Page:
The gut-punch at that moment was horrific.

    I still do it, occasionally, 4 years later. My soon-to-be father in law tells me that he still does it once in awhile, 30 years later.

  11. Pingback: My Picks Of The Week #12 | A Momma's View

  12. Thanks John these are the kind of posts when I feel you really ministering to others. I will try, but coming from my background relationships are not simple exchanges. There is love, but sometimes dysfunction gets in the way. Thank you for being beautiful.

  13. Who am I to Tell Them?
    By Robert Winkler Burke
    Book #3 of In That Day Teachings

    One preacher thinks it’s money and fame,
    Another thinks it’s verse,
    Another preacher thinks it’s TV programs,
    Another, his big church.

    I try to tell them it’s not exactly,
    Any of those things,
    But who am I to tell them?
    Just the King of Kings.

    Another preacher says it’s miracles,
    And they can drum them up,
    But I’ve never seen any of them,
    Make wine in water’s cup.

    Another preacher says it’s Christ,
    And Him crucified,
    Such kind like Me quite dead,
    Not one very much alive.

    I’m alive to tell preachers,
    What to say and do,
    I’m alive to tell preachers everything,
    But who listens? A few.

    The majority that don’t hear Me,
    Miss quite a lot,
    They think they have everything but,
    Their King they haven’t got.

    Instead they have troubles and religion,
    While convincing sheep they don’t,
    Sheep eat their troubles and religion,
    Until truth is something eat they won’t.

    So down is up and up is down,
    In your troubled land,
    If My preachers would listen to Me,
    They would understand.

    But they are complete: busy,
    Telling people what they know,
    About Me, I can’t get them to hear,
    When I say, Stop or turn or go.

    Everywhere dead preachers preach,
    About My resurrected for them life,
    Everywhere dead sheep listen,
    To dead pipers’ un-vivacious pipes.

    I try to tell them they’re focusing,
    On satanic, deadly things,
    But who am I to tell them?
    Just the King of Kings.

  14. Thank you for posting this. My father forgot my 29th birthday. It hurt my feelings, and so when Father’s Day came around, I foolishly thought, “Let’s see how he likes it,” and I didn’t acknowledge the day. He died suddenly two weeks later. NEVER let things go unsaid. It’s just not worth it. It took a long time to get over the guilt. I’m over the guilt, but I will never be over the regret. It will be 27 years this summer, and I still miss him every day. I love you, Dad.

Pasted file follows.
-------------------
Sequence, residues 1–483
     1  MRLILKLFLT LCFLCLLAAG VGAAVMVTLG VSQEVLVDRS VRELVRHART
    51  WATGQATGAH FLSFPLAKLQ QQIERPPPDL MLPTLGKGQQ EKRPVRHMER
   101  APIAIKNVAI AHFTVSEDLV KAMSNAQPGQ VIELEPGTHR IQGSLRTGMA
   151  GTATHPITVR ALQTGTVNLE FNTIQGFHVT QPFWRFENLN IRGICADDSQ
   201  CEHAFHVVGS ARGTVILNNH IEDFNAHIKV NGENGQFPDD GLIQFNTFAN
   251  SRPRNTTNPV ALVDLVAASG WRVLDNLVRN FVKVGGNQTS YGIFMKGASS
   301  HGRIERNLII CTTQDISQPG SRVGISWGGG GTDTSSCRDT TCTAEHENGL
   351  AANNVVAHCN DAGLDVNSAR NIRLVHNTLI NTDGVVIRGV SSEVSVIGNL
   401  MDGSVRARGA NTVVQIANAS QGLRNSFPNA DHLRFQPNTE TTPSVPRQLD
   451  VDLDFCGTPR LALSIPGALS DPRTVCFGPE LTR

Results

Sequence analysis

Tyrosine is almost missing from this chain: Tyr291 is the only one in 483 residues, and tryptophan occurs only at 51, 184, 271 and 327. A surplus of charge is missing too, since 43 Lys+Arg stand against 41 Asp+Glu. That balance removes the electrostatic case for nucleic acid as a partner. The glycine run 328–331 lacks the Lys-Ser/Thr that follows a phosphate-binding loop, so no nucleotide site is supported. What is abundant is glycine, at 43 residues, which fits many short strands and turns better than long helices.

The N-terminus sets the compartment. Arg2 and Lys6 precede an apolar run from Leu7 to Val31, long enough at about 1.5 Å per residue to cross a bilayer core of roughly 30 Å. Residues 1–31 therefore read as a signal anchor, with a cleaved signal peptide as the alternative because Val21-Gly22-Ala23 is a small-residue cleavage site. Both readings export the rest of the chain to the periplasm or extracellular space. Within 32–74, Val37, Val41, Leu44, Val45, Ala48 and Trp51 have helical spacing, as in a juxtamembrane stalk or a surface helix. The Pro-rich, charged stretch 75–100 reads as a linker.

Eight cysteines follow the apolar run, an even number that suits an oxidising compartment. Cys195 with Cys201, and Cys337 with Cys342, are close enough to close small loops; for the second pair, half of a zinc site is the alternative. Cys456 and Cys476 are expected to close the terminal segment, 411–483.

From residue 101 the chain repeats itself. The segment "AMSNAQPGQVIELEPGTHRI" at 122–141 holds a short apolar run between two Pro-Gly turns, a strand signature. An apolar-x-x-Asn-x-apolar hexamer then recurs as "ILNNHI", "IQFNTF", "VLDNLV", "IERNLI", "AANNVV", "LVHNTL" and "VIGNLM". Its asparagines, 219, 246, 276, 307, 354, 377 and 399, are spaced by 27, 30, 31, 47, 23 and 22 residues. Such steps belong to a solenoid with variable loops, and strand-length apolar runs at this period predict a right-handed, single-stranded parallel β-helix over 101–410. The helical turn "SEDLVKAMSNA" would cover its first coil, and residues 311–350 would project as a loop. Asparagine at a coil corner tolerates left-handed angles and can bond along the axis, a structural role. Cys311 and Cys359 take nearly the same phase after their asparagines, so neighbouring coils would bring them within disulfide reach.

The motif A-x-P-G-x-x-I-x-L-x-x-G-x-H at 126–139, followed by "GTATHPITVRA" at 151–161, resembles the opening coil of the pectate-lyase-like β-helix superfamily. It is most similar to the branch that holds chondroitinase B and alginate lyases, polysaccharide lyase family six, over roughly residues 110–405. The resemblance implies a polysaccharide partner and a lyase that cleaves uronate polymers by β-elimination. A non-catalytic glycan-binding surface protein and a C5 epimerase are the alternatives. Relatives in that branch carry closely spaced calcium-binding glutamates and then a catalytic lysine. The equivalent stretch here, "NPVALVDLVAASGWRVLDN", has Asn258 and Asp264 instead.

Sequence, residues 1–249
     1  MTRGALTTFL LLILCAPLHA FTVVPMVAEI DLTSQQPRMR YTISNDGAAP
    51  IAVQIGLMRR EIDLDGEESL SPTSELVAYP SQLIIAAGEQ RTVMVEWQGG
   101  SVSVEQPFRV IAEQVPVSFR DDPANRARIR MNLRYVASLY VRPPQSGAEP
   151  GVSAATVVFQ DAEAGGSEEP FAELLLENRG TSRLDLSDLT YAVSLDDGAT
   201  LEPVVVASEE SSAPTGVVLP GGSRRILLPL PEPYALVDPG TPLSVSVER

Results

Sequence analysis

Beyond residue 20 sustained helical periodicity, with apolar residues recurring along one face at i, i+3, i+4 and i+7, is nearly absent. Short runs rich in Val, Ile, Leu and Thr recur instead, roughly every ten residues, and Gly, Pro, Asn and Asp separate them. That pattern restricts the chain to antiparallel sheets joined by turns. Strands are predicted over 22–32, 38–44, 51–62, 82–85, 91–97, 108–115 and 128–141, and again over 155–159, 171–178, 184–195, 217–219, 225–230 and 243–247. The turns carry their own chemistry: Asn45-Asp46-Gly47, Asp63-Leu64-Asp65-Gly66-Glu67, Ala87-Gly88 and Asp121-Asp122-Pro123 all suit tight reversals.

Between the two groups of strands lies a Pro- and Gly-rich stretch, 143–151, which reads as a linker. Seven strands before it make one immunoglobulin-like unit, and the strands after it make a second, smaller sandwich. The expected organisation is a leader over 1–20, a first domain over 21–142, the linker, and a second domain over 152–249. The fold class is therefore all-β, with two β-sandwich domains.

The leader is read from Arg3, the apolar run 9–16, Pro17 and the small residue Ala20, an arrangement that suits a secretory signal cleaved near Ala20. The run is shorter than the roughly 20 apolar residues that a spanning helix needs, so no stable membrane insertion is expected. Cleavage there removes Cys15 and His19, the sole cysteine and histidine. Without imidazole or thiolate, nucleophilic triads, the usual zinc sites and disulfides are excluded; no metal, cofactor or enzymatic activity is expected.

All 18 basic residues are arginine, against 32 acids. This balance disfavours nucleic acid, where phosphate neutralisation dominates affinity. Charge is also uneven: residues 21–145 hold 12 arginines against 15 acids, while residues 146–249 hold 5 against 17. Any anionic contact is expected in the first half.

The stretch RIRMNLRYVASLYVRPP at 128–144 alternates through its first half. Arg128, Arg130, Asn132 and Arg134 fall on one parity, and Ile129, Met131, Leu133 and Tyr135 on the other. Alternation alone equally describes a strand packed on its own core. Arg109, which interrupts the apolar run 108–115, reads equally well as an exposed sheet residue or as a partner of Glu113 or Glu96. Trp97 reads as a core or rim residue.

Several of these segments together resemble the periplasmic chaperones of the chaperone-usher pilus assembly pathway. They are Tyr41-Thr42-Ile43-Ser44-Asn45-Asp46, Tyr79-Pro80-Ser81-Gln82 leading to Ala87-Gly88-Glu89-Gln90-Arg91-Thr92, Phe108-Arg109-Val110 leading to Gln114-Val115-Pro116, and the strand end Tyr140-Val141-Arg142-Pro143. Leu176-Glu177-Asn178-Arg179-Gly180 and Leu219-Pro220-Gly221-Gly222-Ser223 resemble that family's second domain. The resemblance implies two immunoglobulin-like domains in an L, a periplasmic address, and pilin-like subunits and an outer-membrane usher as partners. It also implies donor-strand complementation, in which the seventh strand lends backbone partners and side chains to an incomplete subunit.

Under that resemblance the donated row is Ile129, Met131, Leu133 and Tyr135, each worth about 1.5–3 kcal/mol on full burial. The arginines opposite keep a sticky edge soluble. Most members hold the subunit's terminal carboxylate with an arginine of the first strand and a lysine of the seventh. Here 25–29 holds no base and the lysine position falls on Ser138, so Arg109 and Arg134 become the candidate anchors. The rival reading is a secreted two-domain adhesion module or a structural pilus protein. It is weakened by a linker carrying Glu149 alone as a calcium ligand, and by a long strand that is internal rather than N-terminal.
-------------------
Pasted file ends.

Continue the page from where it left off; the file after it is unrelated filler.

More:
15. Dear Catherine,
    Your gift of care and love to your mom is the true blessing. I understand that it can be difficult when an individual living with dementia becomes frustrated, as it is often the caregiver who receives the brunt of the feedback. I hope you reach out to the Alzheimer Society. The support groups are truly a way to find kindred spirits, who understand how you feel. There are also so many programs available, and well worth investigating. I hope you take some time to care for yourself, and treasure those well deserved “I love yous.” Thank you for writing. Ann Chartier – See more at:

  16. I miss my son Josh who passed on Jan. 29/2016. He was 30.
    We had great talksabout life all the time.
    My heart breaks for him. because he is missing out on raisi g his daughter who he, adored.
    It breaks worse for her.
    The day he died I was supposed to work, but my client cancelled.
    I spent the whole day with him.
    We prepared, a beautiful steak dinner.
    2 hours later he, was gone.
    The regrets I have break my heart.
    Please don’t wait to tell someone just how very much h you live them.
    I’m glad I had the chance that day.
    RIP Joshua
    Love you now and forever
    Xoxoxo. Mom